Variable refresh rate monitors

Taking the stutter out of gaming

AMD FreeSync, Nvidia G-Sync help to cut screen anomalies

Mr Shahrul Azlan is an avid gamer who is willing to spend on the best hardware to improve his gaming experience. His latest purchase is a 27-inch BenQ gaming monitor, which he bought because it supports the AMD FreeSync technology.

"I was quite excited to be one of the first few to experience AMD FreeSync on the BenQ monitor, which is supposed to enable a tear- free gaming experience," said the 25-year-old IT consultant.

He explained that he prefers first-person shooter games, such as Evolve and Left 4 Dead 2, and the monitor's high refresh rate helps with his aiming.

Avid gamers such as Mr Shahrul are being targeted by monitor manufacturers with their latest wares - gaming monitors with variable refresh rate technologies that promise to reduce stutter and eliminate screen-tearing in computer games.

AMD FreeSync and Nvidia G-Sync are the latest solutions to an age-old problem in games.

Monitors typically have a fixed refresh rate, but applications, especially games, have variable frame rates. When they are not synchronised, screen anomalies can occur and mar the viewing experience.

One such anomaly is where horizontal lines appear randomly on the screen. This is known as screen-tearing.

For older monitors without AMD FreeSync or Nvidia G-Sync, the usual solution to eliminate screen-tearing is vertical sync (v-sync).

Enabling v-sync in the graphics settings locks the frame rates at 60 frames per second (fps). Sixty hertz is also the typical refresh rate on most monitors.

Turning on v-sync prevents screen-tearing. But if your graphics card is unable to produce 60 fps for a particular scene in the game, it will cap frame rates at a fixed level, which could be 45 fps or 30 fps. This momentary change in frame rates (for example, from 60 fps to 30 fps) causes the game to stutter.

A solution was introduced by Nvidia in 2013, which is to dynamically synchronise the frame rates from the graphics card with the monitor's refresh rate. Dubbed Nvidia G-Sync, the technology involved adding a proprietary controller chip in the monitor to communicate with the graphics card.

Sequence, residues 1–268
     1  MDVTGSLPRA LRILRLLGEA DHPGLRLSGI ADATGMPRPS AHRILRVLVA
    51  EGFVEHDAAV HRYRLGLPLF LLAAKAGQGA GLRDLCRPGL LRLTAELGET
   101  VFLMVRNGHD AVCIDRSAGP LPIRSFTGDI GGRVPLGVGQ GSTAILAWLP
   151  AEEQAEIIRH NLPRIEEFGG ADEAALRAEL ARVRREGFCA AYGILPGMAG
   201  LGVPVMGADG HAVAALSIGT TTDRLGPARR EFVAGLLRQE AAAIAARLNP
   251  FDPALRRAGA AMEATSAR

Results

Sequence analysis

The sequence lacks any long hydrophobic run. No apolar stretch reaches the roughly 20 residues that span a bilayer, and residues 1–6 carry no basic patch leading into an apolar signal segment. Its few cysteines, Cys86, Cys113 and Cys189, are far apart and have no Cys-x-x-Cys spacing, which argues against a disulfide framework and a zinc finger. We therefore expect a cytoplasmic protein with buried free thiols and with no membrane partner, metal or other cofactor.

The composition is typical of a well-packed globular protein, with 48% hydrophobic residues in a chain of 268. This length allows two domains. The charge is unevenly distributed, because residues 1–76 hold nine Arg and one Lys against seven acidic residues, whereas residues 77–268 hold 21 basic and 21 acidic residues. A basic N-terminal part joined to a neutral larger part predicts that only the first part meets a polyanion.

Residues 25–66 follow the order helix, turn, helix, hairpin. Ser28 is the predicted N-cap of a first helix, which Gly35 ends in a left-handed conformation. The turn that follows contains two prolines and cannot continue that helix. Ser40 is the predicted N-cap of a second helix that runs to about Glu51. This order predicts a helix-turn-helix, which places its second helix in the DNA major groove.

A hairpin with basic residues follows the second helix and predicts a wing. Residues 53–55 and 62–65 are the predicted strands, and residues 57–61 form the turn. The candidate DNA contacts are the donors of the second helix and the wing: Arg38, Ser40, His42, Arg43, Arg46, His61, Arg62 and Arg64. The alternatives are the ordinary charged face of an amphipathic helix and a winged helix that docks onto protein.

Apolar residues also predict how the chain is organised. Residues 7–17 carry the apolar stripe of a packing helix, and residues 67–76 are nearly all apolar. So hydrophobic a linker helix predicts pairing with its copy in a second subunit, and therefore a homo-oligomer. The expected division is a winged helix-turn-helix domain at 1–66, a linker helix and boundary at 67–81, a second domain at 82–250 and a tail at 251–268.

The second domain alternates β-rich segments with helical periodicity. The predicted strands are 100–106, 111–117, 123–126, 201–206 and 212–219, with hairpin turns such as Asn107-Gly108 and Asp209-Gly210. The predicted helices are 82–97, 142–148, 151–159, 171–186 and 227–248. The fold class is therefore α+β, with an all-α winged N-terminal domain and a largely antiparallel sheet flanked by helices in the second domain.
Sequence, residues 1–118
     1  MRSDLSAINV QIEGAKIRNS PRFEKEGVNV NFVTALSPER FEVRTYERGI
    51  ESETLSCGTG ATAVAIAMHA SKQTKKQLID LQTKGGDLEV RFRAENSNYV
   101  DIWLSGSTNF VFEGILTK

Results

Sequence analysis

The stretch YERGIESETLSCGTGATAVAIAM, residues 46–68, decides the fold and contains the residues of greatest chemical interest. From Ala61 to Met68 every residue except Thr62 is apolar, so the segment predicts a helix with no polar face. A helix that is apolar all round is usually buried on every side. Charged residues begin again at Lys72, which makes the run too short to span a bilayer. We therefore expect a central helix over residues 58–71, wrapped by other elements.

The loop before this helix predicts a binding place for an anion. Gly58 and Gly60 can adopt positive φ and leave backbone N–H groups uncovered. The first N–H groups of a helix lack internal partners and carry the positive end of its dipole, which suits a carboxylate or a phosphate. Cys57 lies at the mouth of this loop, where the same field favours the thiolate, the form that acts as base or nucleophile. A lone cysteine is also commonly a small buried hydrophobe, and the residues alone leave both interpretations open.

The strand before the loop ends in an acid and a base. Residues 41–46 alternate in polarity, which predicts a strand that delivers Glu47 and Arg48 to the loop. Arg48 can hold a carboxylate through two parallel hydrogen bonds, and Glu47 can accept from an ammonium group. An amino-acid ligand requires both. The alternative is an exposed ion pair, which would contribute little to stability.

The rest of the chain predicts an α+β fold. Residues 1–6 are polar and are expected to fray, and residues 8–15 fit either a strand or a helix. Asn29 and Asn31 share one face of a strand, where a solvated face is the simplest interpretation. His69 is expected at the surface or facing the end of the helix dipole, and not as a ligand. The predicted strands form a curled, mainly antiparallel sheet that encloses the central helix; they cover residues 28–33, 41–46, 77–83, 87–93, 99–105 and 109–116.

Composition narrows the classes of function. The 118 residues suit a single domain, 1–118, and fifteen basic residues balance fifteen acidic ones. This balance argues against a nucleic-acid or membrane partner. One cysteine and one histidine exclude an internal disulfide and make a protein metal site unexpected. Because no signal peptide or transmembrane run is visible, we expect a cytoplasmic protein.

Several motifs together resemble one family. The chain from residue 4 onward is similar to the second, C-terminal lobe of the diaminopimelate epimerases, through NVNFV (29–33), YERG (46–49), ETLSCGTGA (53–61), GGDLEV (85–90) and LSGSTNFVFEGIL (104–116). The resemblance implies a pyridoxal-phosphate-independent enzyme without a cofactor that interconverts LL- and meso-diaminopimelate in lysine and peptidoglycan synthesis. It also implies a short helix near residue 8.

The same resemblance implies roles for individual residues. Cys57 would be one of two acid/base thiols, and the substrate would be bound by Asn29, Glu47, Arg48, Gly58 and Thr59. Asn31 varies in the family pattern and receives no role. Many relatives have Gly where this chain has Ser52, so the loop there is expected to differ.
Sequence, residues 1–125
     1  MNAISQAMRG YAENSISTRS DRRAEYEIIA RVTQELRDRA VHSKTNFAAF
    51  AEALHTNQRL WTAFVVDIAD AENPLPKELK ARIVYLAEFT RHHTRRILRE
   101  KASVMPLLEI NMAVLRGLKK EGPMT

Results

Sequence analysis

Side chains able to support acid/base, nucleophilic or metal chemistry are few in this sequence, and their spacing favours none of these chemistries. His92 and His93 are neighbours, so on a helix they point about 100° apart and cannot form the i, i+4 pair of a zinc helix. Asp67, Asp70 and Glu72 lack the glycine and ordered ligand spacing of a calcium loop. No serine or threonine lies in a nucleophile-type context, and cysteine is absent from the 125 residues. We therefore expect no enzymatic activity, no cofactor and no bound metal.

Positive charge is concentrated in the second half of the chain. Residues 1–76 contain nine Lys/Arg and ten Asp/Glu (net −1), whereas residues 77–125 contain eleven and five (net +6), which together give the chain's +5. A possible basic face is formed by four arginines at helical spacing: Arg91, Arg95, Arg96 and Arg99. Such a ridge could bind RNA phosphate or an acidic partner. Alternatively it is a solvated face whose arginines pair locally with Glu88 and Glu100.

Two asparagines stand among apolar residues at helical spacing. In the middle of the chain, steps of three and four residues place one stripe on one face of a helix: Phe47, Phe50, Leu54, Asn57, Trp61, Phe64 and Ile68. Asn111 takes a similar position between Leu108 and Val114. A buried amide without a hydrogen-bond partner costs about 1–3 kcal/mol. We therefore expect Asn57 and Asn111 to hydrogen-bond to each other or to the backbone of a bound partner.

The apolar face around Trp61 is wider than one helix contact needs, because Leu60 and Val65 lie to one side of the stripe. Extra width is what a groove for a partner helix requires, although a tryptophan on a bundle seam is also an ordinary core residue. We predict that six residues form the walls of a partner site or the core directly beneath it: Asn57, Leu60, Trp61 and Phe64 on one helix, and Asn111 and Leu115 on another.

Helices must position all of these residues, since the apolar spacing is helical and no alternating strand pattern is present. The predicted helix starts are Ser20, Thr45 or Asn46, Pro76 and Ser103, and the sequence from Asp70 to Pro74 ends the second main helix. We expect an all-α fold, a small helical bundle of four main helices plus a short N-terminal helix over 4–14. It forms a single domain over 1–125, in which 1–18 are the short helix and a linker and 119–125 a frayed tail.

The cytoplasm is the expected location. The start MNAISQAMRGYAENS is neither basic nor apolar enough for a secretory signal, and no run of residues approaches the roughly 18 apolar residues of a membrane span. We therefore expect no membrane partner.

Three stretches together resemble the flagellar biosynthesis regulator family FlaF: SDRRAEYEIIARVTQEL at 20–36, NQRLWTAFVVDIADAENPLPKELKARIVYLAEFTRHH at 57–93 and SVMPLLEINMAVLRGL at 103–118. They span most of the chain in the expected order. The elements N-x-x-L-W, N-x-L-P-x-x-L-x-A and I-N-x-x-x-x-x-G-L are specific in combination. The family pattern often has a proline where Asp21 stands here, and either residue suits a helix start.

This leads to a smooth gaming experience because the monitor is always in step with the graphics card.

AMD introduced a similar competing technology dubbed FreeSync last year. But the monitors that use FreeSync are only just reaching the market now.

The major vendors for Nvidia G-Sync and AMD FreeSync monitors are Acer, Asus and BenQ, according to IHS display analyst Hidetoshi Himuro. He said that the market share for these monitors is tiny, but growing.

This upward trend was evident at the recent IFA trade show in Berlin, which saw Acer launch four Nvidia G-Sync gaming monitors. Asus also announced a curved Nvidia G-Sync monitor at the show.

Even market leader Dell wants a piece of the gaming monitor pie. The company announced its first gaming monitor last month, a 27- inch model with Nvidia G-Sync support and a fast 144Hz refresh rate.



The first thing you need to know about these monitors is that they only work with the graphics cards they support.

All things being equal, the Nvidia G-Sync monitor will be more expensive than the AMD FreeSync model. This is because the former involves Nvidia's proprietary technology, which means more cost for monitor makers. Expect a price difference of at least $100.

On the other hand, the AMD FreeSync taps the optional adaptive sync feature present in the DisplayPort 1.2a standard. Most graphics cards now come with DisplayPort outputs.

There is no licensing cost or extra hardware involved because DisplayPort is an open industry standard.

There is another important difference between both technologies, and it has to do with the availability of graphics cards.

Currently, only a handful of the latest AMD cards (R9 and R7 series) support FreeSync. With the Nvidia G-Sync, there are more options.

This is because the controller chip for Nvidia G-Sync monitors lets it work with numerous Nvidia graphics cards, including three-year-old models. So you may not need to buy a new graphics card along with the monitor.

However, FreeSync's non-proprietary nature may be its biggest draw. Chipmaker Intel recently confirmed that it plans to support the technology in the future. While Intel's graphics chips are not powerful enough for gamers, they are found in all Intel processors, which could sway display vendors towards this open standard rather than Nvidia's closed version.

Ultimately, if you already have a decent gaming rig, you are unlikely to switch the graphics card to match your new monitor.

The good news is that there are a number of such variable refresh rate monitors from both camps.

A version of this article appeared in the print edition of The Straits Times on September 16, 2015, with the headline 'Taking the stutter out of gaming Variable refresh rate monitors'. Print Edition | Subscribe